So far this season six different drivers have led a Formula One Grand Prix. Along with the three winners, Robert Kubica, Heikki Kovalainen and Nick Heidfeld have also taken turns ahead of the pack. However, there is another man who has spent time at the front of a Formula One race this year whose achievements will never appear in any record book.
Bernd Maylander may not be a name familiar to many F1 fans but he has been leading Grands Prix since 2000 in his role as the official Formula One Safety Car driver.
The idea of the Safety Car is quite simple. When there is something on the track that is a danger to drivers, such as an accident or heavy rain, the Safety Car is deployed in front of the race leader and controls the pace of the field. Alongside the driver sits an FIA observer whose job it is to identify the cars around him and communicate with Race Control. The Safety Car sits in the pitlane all afternoon with the engine running, and is kitted out with TV screens so the occupants can keep a close eye on the race. It has long been used in American oval racing where most accidents result in some sort of track blockage.
The Safety Car has been a regular part of Formula One for the past fourteen years although it first appeared long ago in the chaotic 1973 Canadian Grand Prix. On that occasion its arrival was a complete disaster. It failed to pick up the leader and therefore gave half of the cars a one lap advantage. That also played havoc with the timekeepers who were bereft of today’s technology and it took several hours after the finish to determine who had actually won the race.
After that inauspicious debut the Safety Car did not make another Grand Prix appearance for over twenty years. It next appeared at Brazil in 1993 when a sudden torrential downpour sparked total chaos.
The car used for that race was a South American built Fiat Tempra because back then each circuit would provide their own vehicle and driver. Most circuits, such as Interlagos, simply threw a few stickers on some kind of sports sedan and this meant the quality of the cars would vary dramatically from race to race. Ironically, this was not a safe practice. The Safety Car must be quick enough to prevent the F1 cars from losing pressure in the tyres and temperature in the brakes. Some felt the extremely slow road cars were actually a safety hazard and this became a major talking point when the Safety Car was used for the first time in dry conditions during the 1994 San Marino Grand Prix.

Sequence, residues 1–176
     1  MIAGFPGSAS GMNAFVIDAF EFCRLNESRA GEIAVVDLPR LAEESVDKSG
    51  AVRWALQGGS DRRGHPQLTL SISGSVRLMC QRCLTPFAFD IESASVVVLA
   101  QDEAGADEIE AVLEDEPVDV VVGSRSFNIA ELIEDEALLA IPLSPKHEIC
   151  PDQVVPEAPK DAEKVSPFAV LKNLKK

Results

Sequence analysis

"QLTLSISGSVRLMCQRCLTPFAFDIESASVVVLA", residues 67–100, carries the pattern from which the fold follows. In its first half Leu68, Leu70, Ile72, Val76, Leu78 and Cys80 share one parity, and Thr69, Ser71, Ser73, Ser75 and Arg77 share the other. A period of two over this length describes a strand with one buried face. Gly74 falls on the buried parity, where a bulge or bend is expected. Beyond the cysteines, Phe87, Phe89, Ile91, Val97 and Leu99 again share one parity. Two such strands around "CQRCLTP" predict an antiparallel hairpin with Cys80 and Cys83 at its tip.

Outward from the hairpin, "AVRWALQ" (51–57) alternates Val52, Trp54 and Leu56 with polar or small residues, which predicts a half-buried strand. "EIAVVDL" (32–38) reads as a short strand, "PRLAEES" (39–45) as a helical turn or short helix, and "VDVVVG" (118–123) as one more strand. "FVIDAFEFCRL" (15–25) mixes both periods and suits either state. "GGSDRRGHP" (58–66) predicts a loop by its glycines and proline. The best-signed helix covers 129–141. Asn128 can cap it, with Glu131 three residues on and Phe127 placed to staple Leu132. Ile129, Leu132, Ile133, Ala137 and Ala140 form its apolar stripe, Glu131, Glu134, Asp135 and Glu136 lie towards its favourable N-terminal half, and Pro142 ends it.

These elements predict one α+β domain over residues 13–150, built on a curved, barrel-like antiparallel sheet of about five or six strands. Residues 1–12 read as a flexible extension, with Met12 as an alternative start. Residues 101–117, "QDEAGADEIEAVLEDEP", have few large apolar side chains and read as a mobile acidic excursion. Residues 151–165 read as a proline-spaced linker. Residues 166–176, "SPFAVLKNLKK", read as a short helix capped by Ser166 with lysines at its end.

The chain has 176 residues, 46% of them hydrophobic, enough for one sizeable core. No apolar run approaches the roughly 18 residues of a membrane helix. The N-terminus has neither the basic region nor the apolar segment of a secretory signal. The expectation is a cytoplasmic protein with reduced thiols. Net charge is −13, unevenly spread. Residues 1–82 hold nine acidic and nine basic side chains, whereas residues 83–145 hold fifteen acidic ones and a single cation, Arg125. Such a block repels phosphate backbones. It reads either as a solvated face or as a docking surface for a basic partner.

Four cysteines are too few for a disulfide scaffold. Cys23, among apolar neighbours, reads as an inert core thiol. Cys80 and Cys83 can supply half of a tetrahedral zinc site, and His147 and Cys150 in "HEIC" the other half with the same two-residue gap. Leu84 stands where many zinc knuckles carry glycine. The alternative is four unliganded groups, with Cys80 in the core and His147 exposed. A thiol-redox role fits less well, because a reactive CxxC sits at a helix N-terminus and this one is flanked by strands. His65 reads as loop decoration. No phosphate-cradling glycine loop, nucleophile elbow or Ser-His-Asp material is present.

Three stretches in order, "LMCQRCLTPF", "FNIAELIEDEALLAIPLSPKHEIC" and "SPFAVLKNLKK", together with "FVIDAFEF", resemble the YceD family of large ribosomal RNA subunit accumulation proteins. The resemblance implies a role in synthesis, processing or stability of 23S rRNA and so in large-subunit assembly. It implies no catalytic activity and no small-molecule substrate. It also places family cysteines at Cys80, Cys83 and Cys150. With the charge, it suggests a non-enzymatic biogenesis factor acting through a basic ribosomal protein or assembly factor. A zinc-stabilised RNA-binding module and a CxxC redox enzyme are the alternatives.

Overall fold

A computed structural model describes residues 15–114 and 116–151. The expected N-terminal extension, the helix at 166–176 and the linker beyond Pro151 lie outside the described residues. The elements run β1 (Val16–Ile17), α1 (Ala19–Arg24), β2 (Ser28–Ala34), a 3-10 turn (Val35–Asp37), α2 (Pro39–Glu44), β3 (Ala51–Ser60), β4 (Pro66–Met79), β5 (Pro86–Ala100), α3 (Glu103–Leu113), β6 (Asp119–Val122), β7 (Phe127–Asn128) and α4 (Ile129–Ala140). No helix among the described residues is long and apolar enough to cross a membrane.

Some have blamed the tardy Opel Vectra used at Imola for indirectly causing Ayrton Senna’s fatal accident. The legendry Brazilian crashed at San Marino just after a Safety Car period during which he had spent four laps circulating very slowly. Some have reasoned the subsequent drop in tyre pressure lowered his Williams to the ground so much that it made contact with a bump in the superfast Tamburello corner. It was clear the Safety Car had been too slow on that occasion since Senna had earlier pulled alongside it and gesticulated to the driver to increase his speed.
A drop in tyre pressure may not have been the cause of Senna’s accident (a power steering failure is more likely) but the sluggish Safety Car was definitely a problem that had to be addressed.
The FIA took action and struck up a deal with Mercedes-Benz, making the German manufacturer the official supplier of the Formula One Safety Car. The same car and driver would travel to every event from 1997 onwards ensuring a safe and consistent service. The Mercedes SL63 which will be used this year is the eighth different model the company have provided, all of which have been modified by tuning specialists AMG.